Wnt signaling


The Wnt signaling pathway has been implicated in a wide range of biological processes from maintaining the pluripotentiality of stem cells to the induction of specific tissues and organs during development. Moreover, a majority of the components of the Wnt signaling pathway are found throughout the animal kingdom.

The Wnt signaling pathway

In the mouse there are 19 different Wnt genes encoding for secreted proteins that signal by binding to their receptors. The family of Wnt receptors is composed of 10 Frizzled genes. Moreover, the co-receptors LRP5 and LRP6 participate in the transmission of the Wnt signals. The Wnt signals can be blocked by a series of secreted antagonists grouped in two categories.

The first group of antagonists is composed of Frzb and its four homologs, which form the secreted Frizzled Related Protein (Sfrp) family, as well as Wif and binds directly to Wnt proteins, thereby blocking activation of the receptor (Leyns et al., 1997). Secreted antagonists of the second category bind to the LRP co-receptors thereby blocking the activation of the Wnt signaling pathway. These antagonists include Dkk1 and its three homologs as well as Wise.
At the intracellular level, the activation of the Wnt receptors is transduced by several pathways . The best characterized one, called the canonical pathway, is based on a series of phosphorylation steps that ultimately leads to the stabilization and nuclear import of beta-Catenin. In the nucleus, beta-Catenin associates with TCF factors and this complex activates target genes of the Wnt pathway. Several Wnts (Wnt1, -2, -2b, -3, -3a, -6, -7b, -8a and -8b) have been shown to activate specifically the canonical pathway.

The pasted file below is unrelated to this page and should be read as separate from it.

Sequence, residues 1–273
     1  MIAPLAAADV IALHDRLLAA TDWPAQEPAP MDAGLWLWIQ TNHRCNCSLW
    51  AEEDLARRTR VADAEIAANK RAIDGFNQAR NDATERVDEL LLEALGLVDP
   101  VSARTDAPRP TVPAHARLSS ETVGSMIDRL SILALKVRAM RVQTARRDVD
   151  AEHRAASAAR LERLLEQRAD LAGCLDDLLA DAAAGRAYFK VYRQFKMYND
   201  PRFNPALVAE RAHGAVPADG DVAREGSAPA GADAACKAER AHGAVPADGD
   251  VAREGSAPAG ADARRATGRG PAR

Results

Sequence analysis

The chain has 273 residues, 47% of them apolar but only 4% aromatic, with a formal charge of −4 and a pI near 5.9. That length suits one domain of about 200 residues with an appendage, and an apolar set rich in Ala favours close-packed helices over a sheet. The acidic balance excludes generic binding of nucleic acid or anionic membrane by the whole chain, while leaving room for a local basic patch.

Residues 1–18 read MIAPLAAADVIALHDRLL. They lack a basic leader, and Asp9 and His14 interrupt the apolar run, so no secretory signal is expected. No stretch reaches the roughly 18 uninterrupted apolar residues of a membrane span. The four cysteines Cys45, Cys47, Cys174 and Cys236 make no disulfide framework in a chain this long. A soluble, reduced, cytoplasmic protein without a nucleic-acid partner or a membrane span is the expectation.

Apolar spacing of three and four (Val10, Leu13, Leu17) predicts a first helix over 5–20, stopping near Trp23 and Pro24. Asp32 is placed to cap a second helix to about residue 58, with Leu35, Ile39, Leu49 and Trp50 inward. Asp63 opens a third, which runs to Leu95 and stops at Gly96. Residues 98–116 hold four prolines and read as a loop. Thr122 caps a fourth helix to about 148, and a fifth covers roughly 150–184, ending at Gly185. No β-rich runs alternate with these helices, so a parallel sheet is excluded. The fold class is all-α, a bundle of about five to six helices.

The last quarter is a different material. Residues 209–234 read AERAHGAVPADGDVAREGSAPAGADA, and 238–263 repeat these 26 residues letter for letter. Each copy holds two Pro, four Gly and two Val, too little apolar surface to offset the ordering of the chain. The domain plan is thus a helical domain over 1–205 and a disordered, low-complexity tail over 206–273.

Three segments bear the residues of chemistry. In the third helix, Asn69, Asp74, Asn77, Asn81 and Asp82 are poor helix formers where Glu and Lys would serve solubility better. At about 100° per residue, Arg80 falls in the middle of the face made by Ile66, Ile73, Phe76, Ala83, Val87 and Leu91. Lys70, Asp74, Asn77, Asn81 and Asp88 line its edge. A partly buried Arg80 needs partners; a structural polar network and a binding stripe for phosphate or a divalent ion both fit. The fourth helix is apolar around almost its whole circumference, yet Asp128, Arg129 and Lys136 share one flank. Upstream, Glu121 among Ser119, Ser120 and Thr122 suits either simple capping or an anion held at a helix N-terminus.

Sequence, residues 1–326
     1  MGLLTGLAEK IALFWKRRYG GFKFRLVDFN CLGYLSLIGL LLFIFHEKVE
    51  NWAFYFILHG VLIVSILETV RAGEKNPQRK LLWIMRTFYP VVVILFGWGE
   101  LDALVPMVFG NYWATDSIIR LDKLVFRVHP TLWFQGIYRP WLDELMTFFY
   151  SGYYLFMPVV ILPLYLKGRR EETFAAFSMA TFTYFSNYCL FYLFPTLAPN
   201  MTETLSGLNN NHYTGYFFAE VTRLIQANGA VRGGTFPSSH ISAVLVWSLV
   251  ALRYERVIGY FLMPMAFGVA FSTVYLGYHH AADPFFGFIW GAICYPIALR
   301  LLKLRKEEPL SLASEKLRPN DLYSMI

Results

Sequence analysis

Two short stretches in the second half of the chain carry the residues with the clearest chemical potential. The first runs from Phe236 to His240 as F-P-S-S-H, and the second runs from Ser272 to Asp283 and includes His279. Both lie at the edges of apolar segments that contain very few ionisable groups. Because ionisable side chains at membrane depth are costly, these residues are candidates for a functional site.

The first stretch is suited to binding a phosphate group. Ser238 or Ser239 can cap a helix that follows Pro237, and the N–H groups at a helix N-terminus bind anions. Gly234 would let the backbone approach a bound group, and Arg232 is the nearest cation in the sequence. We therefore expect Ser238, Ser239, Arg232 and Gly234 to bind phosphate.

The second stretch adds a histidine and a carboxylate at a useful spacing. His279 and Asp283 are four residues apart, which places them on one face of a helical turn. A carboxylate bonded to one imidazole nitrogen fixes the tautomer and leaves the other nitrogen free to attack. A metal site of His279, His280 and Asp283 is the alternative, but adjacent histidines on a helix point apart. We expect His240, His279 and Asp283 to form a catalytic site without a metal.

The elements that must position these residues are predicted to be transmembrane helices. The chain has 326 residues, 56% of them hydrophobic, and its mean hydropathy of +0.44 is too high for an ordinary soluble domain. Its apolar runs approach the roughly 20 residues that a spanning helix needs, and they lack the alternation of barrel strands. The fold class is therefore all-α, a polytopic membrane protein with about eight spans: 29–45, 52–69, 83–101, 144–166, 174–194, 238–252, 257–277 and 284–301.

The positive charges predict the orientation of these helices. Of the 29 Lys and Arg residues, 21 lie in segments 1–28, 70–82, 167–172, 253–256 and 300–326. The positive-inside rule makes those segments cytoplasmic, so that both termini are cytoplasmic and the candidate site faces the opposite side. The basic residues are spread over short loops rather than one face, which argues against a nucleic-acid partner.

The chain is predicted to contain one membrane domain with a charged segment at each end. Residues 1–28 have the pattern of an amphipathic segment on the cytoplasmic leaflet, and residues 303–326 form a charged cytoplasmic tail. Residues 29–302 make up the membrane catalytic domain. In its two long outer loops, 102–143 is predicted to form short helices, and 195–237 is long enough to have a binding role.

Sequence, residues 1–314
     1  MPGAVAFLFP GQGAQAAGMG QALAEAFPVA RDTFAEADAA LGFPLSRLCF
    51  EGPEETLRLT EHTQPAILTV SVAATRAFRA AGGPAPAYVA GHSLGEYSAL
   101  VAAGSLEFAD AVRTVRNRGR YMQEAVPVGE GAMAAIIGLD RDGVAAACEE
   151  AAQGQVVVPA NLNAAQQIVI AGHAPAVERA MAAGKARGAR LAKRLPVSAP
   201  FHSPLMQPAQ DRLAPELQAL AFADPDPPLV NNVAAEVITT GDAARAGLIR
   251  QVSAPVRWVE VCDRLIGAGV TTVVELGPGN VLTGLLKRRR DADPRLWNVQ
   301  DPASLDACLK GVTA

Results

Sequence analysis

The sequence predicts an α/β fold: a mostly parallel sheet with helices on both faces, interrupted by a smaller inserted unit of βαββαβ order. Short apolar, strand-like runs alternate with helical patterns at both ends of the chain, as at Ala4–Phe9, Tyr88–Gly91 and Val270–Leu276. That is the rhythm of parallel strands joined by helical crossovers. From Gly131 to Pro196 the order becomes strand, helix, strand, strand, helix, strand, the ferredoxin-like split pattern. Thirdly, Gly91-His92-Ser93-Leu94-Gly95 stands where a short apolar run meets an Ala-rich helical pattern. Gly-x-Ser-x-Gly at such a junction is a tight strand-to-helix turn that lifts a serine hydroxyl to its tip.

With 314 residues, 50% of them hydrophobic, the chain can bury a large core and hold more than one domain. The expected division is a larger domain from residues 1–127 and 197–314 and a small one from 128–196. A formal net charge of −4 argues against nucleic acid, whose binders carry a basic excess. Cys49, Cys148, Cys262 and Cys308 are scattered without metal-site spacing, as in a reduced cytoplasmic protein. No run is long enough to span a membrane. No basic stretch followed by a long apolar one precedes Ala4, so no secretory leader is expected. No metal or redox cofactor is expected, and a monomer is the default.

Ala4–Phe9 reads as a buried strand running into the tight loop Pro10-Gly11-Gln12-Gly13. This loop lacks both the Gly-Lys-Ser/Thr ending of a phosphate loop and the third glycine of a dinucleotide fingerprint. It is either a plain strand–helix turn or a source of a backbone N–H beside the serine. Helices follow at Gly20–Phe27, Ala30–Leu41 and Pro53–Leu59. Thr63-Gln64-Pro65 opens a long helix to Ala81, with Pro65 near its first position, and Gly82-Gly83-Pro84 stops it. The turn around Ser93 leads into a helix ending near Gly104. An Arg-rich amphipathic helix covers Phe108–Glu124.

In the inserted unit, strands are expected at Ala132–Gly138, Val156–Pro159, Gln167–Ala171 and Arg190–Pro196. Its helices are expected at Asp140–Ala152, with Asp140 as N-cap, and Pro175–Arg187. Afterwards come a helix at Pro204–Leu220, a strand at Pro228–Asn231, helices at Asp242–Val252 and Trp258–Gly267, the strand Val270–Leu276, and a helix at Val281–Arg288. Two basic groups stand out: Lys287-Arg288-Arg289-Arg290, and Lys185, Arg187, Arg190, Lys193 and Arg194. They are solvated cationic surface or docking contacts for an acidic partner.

The signaling by other Wnts (Wnt4, -5a and -11) is mediated by non-canonical pathways involving intracellular signaling by Ca2+ or the JNK cascade. The signaling pathways triggered by the remaining Wnts (Wnt5b, -7a, -9a, -9b, -10a, -10b and -16) have not yet been characterized.

Due to technical limitations including those related to the purification of Wnt proteins, the binding specificities of the nineteen Wnt proteins with their ten Frizzled receptors, and the eleven potential secreted antagonists, as well as the integration of the signals through the various pathways, have not yet been completely elucidated.

Current research

We are currently investigating the binding specificities of several Wnt proteins with secreted antagonists such as Frzb or with the Frizzled receptors.

Two complementary approaches are used. First, we measure the biological activity of canonical Wnts such as Wnt3a by detecting the stabilization of intra-cellular beta-catenin in cells treated with Wnt. We then treated the cells with the Wnt protein as well as with the secreted antoganist or a soluble version of the Frizzled receptor. The binding of these proteins will reduce the amount of free Wnt in the culture medium and therefore limit the extent of beta-catenin stabilization.
With this approach we can analyse the binding specificities in living cells.

The second approach is purely biochemical and involves measuring the binding efficiency between purified Wnt proteins and sFRPs or Frizzled using plasmon surface resonance (Biacore).

The combination of these two approaches with genes expression studies showing when and where the extracellular members of the Wnt cascade are expressed will allow us to refine our understanding of the Wnt signals.


© 2005• Laboratory of Cell Genetics • VUB • Brussels - Belgium • Tel.: +32 2 629.34.43 • lleyns@vub.ac.be